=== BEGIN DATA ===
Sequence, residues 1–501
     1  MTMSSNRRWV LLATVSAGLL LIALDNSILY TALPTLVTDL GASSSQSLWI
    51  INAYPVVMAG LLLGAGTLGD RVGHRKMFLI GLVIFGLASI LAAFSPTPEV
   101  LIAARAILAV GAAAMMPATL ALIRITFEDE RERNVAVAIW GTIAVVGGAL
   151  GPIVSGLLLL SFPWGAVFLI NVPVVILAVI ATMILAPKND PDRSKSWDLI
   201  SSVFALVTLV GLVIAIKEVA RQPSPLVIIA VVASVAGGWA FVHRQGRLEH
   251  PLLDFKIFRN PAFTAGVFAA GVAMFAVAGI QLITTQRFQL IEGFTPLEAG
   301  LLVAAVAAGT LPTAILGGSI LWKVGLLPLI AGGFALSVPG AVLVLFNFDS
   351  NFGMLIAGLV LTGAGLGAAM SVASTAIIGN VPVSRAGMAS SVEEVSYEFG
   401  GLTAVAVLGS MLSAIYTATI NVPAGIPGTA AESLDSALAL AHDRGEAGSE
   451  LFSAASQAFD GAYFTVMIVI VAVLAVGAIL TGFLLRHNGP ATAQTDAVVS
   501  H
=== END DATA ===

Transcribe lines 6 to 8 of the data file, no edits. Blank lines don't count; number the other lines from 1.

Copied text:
   201  SSVFALVTLV GLVIAIKEVA RQPSPLVIIA VVASVAGGWA FVHRQGRLEH
   251  PLLDFKIFRN PAFTAGVFAA GVAMFAVAGI QLITTQRFQL IEGFTPLEAG
   301  LLVAAVAAGT LPTAILGGSI LWKVGLLPLI AGGFALSVPG AVLVLFNFDS